Ionophores are a group of antibiotics used as feed additives to control bacterial and coccidial infections and to promote growth in poultry, cattle and swine.
These substances are safe when administered at the right dosage and to the right animal species, but they can cause serious disease if they are fed in excess or with some other medications.
The only approved ionophore for pigs in the United States is narasin (Skycis 100, Elanco), which is used to promote the growth of finisher pigs. Narasin is also commonly used in chicken diets. Other ionophores approved for other species that have caused intoxications in swine are monensin, salinomycin, lasalocid and maduramicin (Table 1).The clinical signs shown by pigs intoxicated with ionophores are variable depending on the drug and the amount fed. In general, in cases of ionophore intoxication pigs are off feed, weak, depressed and don’t have a fever. They don’t want to stand or walk, and when forced to walk they show signs of pain (vocalization) and may be uncoordinated. Some pigs are lying down without neurological disease (no paddling or nystagmus). Some pigs may have elevated respiratory rates.
It can affect 50-100% of pigs with different severity and sometimes it will affect only pigs in one particular feed line. At necropsy, pigs often do not have any apparent gross lesions. However, microscopically pigs have striking lesions in the muscles. Ionophore intoxication causes a widespread degeneration and necrosis of the myocytes, the cells in the skeletal muscle (Figure 1). Therefore, when suspecting ionophore intoxication (weak and painful pigs which are off feed with no fever and no gross lesions at necropsy) it is critical to include samples of skeletal muscle in the set of samples submitted to the laboratory for diagnosis. A sample of feed must also be sent to the lab for detection and quantification of ionophores. Introduction of new, non-medicated feed usually results in a quick response, with pigs going back to feed and recovering from the disease. However, the toxic event can result in chronic failure to thrive in the affected pigs.
Figure 1: Microscopic lesions in skeletal muscle. Left: Normal microscopic appearance of skeletal muscle, with orderly cross-striation in the myofibers. Right: Skeletal muscle from a pig with narasin toxicosis showing myofiber degeneration and necrosis, with loss of the orderly myofibers appearance and replacement by clumped, amorphous material.
There are three main causes of ionophore intoxication.
1. Errors in the rate of inclusion of narasin in swine diets expected to contain narasin. Narasin can be included in pig diets at 15-30 parts per million for growth promotion. Any errors in the feed mill that result in an excess of narasin or a bad feed mixture can lead to a toxic event. For example, an accidental overdose due to a broken load cell resulted in feed batches containing between 139 and 645 ppm of narasin. In that case 17% of the finishing pigs that received the feed either died or had to be euthanized. It is important to note that under the new Food and Drug Administration antibiotic regulations narasin is considered a “non-medically important antibiotic.” Therefore, unlike some other antibiotics currently labeled for growth promotion, this antibiotic will continue to be available for swine producers and the proportion of diets using it may increase.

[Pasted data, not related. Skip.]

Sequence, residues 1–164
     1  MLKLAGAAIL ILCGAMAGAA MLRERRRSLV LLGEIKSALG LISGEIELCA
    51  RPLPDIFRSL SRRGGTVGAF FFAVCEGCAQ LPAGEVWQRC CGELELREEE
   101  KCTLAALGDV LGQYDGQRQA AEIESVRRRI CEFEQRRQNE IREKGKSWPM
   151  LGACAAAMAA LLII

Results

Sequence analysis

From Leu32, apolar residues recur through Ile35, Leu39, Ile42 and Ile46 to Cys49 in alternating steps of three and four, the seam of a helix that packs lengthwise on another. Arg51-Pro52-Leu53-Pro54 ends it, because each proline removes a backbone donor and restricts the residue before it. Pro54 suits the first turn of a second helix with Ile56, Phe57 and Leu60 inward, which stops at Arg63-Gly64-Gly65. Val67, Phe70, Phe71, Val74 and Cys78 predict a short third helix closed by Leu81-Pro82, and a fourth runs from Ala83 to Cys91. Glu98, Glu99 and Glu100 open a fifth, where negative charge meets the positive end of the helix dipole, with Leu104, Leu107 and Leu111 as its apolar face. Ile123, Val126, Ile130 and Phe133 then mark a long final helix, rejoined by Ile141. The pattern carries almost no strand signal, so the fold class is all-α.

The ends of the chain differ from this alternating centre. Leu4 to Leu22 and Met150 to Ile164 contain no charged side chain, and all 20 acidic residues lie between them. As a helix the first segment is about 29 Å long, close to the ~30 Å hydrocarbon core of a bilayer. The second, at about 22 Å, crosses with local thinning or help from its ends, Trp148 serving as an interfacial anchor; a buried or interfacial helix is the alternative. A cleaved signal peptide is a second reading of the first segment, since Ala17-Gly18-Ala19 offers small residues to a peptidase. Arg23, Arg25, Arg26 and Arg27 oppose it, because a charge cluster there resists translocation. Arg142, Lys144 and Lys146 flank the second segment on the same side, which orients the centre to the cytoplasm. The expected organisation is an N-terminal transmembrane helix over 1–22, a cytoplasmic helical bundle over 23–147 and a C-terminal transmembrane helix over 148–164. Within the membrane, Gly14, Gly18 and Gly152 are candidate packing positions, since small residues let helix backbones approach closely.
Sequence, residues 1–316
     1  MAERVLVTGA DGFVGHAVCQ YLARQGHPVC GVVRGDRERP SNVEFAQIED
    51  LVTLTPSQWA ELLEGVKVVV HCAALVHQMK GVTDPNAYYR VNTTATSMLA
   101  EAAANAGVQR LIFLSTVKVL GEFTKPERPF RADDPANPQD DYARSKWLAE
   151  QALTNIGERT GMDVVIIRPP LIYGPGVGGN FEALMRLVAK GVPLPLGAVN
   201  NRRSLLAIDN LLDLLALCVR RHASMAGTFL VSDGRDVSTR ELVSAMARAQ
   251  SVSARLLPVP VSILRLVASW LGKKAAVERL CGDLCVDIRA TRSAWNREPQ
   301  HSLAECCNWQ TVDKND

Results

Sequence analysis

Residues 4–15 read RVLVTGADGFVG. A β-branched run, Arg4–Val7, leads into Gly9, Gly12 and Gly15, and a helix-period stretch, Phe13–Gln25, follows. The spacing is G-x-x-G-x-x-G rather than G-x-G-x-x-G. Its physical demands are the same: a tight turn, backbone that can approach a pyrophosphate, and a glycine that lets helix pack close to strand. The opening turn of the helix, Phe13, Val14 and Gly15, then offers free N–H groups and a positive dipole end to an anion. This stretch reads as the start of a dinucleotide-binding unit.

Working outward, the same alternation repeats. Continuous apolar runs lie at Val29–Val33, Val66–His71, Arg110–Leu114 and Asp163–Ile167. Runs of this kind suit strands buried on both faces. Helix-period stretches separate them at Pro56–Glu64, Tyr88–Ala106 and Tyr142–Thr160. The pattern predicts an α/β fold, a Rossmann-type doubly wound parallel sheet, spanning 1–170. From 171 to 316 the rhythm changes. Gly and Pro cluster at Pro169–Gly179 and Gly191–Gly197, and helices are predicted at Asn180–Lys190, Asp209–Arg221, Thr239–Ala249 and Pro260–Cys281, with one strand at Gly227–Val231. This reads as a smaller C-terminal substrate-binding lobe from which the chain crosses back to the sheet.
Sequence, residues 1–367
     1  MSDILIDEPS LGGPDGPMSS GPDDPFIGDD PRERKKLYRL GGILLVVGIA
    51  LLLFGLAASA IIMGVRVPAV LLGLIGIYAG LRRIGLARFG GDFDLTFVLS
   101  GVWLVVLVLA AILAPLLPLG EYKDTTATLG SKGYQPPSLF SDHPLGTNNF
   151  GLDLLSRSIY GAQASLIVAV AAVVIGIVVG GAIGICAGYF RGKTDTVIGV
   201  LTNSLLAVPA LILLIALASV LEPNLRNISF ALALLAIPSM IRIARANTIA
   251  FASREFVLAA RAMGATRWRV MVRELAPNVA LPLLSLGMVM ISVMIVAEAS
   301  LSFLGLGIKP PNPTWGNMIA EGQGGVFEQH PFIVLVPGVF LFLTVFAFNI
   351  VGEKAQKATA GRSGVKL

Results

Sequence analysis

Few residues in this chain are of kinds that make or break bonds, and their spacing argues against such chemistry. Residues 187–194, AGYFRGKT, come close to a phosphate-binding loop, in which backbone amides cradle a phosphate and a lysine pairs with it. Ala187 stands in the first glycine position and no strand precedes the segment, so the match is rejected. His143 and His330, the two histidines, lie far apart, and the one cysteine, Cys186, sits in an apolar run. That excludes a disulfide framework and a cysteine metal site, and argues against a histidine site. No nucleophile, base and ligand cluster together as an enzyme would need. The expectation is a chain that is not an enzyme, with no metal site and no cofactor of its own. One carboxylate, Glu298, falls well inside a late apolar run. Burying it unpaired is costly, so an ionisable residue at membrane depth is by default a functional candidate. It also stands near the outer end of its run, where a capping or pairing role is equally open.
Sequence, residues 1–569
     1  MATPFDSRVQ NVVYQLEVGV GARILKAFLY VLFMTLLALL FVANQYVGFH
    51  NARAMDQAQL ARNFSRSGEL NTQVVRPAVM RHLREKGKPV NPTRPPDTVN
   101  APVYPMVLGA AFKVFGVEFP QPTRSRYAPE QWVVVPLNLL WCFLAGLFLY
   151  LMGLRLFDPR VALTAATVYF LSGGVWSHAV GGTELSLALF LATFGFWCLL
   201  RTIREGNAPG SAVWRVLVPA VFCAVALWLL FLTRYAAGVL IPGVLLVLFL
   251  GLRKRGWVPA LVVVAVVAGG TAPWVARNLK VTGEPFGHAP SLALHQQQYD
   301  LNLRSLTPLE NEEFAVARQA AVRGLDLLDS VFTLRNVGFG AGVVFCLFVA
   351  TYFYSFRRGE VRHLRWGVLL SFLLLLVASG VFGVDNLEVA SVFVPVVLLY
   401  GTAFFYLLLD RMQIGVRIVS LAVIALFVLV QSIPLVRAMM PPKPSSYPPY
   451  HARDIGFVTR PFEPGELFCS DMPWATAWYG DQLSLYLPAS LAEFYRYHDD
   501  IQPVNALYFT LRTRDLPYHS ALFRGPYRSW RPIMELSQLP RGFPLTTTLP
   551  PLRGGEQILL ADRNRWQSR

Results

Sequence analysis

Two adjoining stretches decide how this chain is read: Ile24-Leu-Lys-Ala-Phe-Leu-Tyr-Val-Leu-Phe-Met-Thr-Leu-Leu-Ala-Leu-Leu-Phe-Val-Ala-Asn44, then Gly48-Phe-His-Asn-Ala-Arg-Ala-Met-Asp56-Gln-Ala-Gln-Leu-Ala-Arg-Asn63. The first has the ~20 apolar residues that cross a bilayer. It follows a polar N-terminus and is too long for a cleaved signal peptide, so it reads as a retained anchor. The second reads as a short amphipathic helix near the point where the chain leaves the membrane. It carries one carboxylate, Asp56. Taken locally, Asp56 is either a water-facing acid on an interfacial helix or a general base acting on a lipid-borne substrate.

2. Accidental inclusion of narasin in swine diets not expected to contain narasin, such as those which contain tiamulin (Denagard 10, Elanco). Tiamulin is an antibiotic commonly used for treatment and control of bacterial diarrhea in swine. However, tiamulin interferes with the metabolism and excretion of ionophores and can result in toxic blood levels, even if the dosage of the ionophore in the feed might otherwise be safe.
3. Inclusion of an ionophore intended for a different species in a swine diet. This is usually due to errors in feed mills that prepare feeds for multiple species. In some cases these errors result in high levels of ionophores in the swine diet that are directly toxic to pigs. In other cases, the levels of ionophores included in the swine diet may not be enough to cause the disease by themselves but toxicity arises from the combination of ionophores with tiamulin.
Ionophore intoxications are infrequent in swine. However, when they occur they result in severe intoxication affecting a large number of pigs. In addition, the relatively recent approval of narasin as a growth promotant for swine in the United States and the new antibiotic regulations coming up in 2017 may cause an increase in the frequency of ionophore intoxication cases in the future. Therefore, knowing how to recognize a potential case of intoxication and how to diagnose it is critical for an accurate diagnosis and quick implementation of control measures. Observation of the characteristic microscopic lesions in skeletal muscle and detection and quantification of ionophores in feed are essential steps for the diagnosis of ionophore intoxication.